Tel Beer Sheva in Wikipedia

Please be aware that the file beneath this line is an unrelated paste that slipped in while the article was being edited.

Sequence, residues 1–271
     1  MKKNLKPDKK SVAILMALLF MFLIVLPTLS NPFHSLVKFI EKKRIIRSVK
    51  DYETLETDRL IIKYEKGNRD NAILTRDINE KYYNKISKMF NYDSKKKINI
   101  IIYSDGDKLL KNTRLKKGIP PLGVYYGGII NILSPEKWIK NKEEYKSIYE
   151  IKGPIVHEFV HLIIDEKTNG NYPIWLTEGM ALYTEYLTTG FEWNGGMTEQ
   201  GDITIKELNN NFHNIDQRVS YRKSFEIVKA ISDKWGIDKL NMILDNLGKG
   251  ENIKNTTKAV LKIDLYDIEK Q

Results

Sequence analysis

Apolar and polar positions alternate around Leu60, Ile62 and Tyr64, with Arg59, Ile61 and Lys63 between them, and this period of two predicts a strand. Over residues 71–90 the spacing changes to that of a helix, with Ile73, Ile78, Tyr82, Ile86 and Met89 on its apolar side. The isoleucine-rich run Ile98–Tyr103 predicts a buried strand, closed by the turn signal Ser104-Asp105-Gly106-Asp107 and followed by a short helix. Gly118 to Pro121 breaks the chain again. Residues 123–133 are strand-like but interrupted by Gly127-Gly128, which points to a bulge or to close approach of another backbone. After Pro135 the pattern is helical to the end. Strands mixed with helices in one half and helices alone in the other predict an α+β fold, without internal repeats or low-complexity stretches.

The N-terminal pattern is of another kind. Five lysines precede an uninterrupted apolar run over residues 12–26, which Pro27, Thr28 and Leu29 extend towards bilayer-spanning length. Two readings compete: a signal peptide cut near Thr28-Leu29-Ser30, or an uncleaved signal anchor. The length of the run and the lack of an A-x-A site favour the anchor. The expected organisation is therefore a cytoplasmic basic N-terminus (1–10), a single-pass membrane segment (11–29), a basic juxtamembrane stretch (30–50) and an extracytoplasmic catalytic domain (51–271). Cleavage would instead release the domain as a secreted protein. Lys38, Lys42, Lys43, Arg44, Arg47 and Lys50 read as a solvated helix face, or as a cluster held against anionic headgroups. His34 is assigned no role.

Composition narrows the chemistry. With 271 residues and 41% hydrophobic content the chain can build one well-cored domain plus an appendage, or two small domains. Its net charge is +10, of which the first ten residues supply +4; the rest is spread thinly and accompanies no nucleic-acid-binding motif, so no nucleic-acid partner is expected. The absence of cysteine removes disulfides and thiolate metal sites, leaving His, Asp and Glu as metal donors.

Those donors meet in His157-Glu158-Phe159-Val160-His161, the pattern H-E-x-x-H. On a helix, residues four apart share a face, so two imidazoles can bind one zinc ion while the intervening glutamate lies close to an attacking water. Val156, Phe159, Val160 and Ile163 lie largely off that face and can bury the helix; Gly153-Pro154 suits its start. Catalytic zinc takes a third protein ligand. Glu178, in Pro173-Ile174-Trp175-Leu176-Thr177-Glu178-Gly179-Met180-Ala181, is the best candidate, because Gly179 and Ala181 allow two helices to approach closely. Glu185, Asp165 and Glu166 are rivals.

Tel Be'er Sheva (Hebrew: תל באר שבע‎) is an archeological site in southern Israel believed to be the remains of the biblical town of Be'er Sheva [1] The modern town of Beersheba is situated west of the tel. The Bedouin town of Tel Sheva lies to the east. The town is mentioned numerous times in the Tanakh, often as a means of describing the extent of the Land of Israel, as being from "Be'er Sheva to Dan". For examples, see Judges 20:1-3 and I Samuel 3:19-21. The name is derived from the Hebrew Be'er meaning a well, and Sheva, meaning either the number seven, or "to swear an oath". Archeological finds indicate that the site was used from the Chalcolithic period, around 4000 BCE, through to the sixteenth century CE. This was probably due to the abundance of underground water, as evidenced by the numerous wells in the area. The settlement itself dates from the early Israelite period, around the tenth century BCE. The streets of ancient Be'er Sheva are laid out in a grid, with separate areas for administrative, military, commercial and residential use. The town is regarded as the first planned settlement in the region. The site is also noteworthy for its elaborate water system and huge cistern, carved out of the rock beneath the town. A large horned altar was uncovered at the site. It was reconstructed with several well-dressed stones found in secondary use in the walls of a later building. This altar attests to the existence of a temple or cult center in the city which was probably dismantled during the reforms of King Hezekiah. (2 Kings 18:4 ) The site was excavated by Prof. Yohanan Aharoni and by Prof. Ze'ev Herzog of Tel Aviv University.

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